Molten copper causes fire at Arizona smelter

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By Mike Gertzman By Mike Gertzman
By Mike Gertzman By Mike Gertzman
By Mike Gertzman By Mike Gertzman
By Mike Gertzman By Mike Gertzman
By Mike Gertzman By Mike Gertzman

MIAMI, Ariz. (AP) -- A smelter in east-central Arizona has been shut down after molten copper breached a processing vessel, causing a fire and explosions but no reported injuries, company officials said Thursday.

The incident occurred late Wednesday night in Miami, about 70 miles east of Phoenix, said Eric Kinneberg, a spokesman for Phoenix-based Freeport McMorRan Inc.

The molten material that spilled on the ground inside and around a building was contained and no longer flowing Thursday, Kinneberg said.

The explosions heard and felt by residents of Miami and the neighboring communities of Globe and Claypool happened when the molten copper came in contact with water, said A.J. Howell of the Tri-City Fire District.

An investigation of the cause and extent of the damage to the Miami smelter's electric arc furnace was being conducted, and the duration of the temporary shut-down of smelter operations and the impact on the production from the smelter remains uncertain, Kinneberg said.

The electric arc furnace is the second step in the smelting process, melting the concentrate before the copper is extracted.

The State Mine Inspector was on site Thursday. The Occupational Safety and Health Administration and Arizona Department of Environmental Quality have been notified of the incident, Kinneberg said.

Some electrical cabling, a large mobile crane and a few pieces of small mobile equipment also were damaged, he said.

The Miami smelter has an annual capacity of to process about 700,000 tons of concentrate producing about 400 million pounds of copper and 700,000 tons of sulfuric acid.

The concentrate processed at Miami is almost exclusively sourced from Freeport-McMoRan's copper mines in Arizona and New Mexico.
 

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MIAMI, Ariz. (AP) -- A smelter in east-central Arizona is shut down after molten copper breached a processing vessel, causing a fire and explosions but no reported injuries.

Spokesman Eric Kinneberg of Phoenix-based Freeport McMorRan Inc. says the incident occurred late Wednesday night in Miami, which is ocated about 70 miles east of Phoenix.

Kinneberg says the molten material that spilled on the ground inside and around a building was contained and is no longer flowing.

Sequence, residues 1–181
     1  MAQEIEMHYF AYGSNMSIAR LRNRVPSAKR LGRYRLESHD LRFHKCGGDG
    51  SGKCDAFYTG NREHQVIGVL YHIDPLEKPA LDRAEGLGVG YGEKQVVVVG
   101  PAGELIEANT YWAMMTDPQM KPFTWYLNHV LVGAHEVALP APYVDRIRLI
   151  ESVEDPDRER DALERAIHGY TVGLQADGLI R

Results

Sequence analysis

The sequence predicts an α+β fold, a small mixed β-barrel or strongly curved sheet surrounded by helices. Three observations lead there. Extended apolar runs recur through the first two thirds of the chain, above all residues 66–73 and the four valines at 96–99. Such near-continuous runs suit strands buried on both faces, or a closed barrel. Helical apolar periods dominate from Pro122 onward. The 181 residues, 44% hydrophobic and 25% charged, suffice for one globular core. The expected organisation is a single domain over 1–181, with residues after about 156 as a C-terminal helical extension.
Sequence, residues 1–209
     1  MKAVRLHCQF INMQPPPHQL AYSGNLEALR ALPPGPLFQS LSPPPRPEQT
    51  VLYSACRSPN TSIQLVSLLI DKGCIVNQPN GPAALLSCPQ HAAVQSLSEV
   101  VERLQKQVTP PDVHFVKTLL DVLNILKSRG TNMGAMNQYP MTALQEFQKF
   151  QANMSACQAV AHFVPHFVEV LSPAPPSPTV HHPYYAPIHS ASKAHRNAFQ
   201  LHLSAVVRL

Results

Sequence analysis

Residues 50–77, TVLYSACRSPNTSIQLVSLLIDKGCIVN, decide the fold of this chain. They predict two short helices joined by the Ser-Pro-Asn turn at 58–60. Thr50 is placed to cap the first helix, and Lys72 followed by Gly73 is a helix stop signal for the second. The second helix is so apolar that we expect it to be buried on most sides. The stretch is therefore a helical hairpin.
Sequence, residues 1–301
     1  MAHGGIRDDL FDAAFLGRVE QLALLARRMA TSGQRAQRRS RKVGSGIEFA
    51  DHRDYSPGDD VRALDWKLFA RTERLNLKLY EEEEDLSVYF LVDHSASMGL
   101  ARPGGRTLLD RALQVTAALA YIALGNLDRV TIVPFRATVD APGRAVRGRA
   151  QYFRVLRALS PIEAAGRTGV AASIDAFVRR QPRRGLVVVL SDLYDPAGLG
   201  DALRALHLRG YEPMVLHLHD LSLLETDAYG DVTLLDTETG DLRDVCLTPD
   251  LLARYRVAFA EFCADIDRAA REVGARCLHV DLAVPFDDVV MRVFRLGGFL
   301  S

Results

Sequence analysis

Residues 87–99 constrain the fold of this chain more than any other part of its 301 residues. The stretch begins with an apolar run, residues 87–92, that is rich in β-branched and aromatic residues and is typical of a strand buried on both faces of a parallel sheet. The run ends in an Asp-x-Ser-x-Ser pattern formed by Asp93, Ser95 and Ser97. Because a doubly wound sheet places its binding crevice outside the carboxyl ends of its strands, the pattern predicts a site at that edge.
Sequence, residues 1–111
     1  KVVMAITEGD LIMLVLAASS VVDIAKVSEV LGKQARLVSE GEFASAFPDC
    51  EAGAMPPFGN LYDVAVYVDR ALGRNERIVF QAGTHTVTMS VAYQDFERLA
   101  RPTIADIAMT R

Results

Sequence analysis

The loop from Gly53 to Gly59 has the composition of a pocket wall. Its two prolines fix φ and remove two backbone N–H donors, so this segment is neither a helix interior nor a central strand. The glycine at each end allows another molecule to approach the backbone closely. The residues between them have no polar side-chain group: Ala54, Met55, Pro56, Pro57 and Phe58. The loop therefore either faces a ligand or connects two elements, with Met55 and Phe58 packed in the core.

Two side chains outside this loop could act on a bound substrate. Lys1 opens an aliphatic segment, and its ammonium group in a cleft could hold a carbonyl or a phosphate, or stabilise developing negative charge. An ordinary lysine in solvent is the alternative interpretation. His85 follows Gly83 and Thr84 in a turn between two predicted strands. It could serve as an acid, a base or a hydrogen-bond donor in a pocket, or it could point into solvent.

Kinneberg did not immediately respond to requests of additional information on the incident.

A.J. Howell of the Tri-City Fire District said explosions heard and felt by residents of Miami and the neighboring communities of Globe and Claypool happened when the molten copper came in contact with water.

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MIAMI, Ariz. (AP) -- Authorities say molten copper breached a processing vessel, causing a fire and explosions but no reported injuries at a smelter in east-central Arizona.

A spokesman for Phoenix-based Freeport McMoran Inc. did not immediately respond to requests for information Thursday but media outlets report that the incident occurred late Wednesday night in Miami, located about 70 miles east of Phoenix.

According to reports, the molten material that spilled on the ground inside and around a building was contained, no longer flowing and left to cool while operations at the smelter were shut down.

Tri-Cities Fire Chief A.J. Howell said the explosions heard by residents of Miami and neighborhood communities occurred when the molten copper came in contact with water.

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Statement from Freeport McMoran Inc.

Freeport McMoRan’s Miami Smelter is dealing with an industrial accident and our prime concern is for the safety of our employees and the emergency response personnel.

There have been no injuries and all personnel have been accounted for.

This incident involved molten copper that breached one of our processing vessels and flowed onto the ground inside and around the west side of the smelter building.

This material caused some infrastructure in its path to catch fire.

The local fire department responded and is containing the resulting fire.

The molten material is contained, no longer flowing and is cooling.

The smelting process has been shut down and we are working to safely extinguish any remaining fire.

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